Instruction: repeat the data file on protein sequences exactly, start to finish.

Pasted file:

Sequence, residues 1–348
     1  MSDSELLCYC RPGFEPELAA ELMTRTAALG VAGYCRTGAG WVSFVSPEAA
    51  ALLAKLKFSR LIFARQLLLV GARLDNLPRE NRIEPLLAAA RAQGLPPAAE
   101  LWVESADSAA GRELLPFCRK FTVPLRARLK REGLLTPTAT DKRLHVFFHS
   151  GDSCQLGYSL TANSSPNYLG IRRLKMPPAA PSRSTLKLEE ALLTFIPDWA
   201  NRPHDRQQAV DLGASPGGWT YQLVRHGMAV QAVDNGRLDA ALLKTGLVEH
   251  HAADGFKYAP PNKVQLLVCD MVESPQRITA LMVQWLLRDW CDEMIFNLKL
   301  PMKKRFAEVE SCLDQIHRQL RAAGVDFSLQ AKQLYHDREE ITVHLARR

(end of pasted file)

Sequence, residues 1–348
     1  MSDSELLCYC RPGFEPELAA ELMTRTAALG VAGYCRTGAG WVSFVSPEAA
    51  ALLAKLKFSR LIFARQLLLV GARLDNLPRE NRIEPLLAAA RAQGLPPAAE
   101  LWVESADSAA GRELLPFCRK FTVPLRARLK REGLLTPTAT DKRLHVFFHS
   151  GDSCQLGYSL TANSSPNYLG IRRLKMPPAA PSRSTLKLEE ALLTFIPDWA
   201  NRPHDRQQAV DLGASPGGWT YQLVRHGMAV QAVDNGRLDA ALLKTGLVEH
   251  HAADGFKYAP PNKVQLLVCD MVESPQRITA LMVQWLLRDW CDEMIFNLKL
   301  PMKKRFAEVE SCLDQIHRQL RAAGVDFSLQ AKQLYHDREE ITVHLARR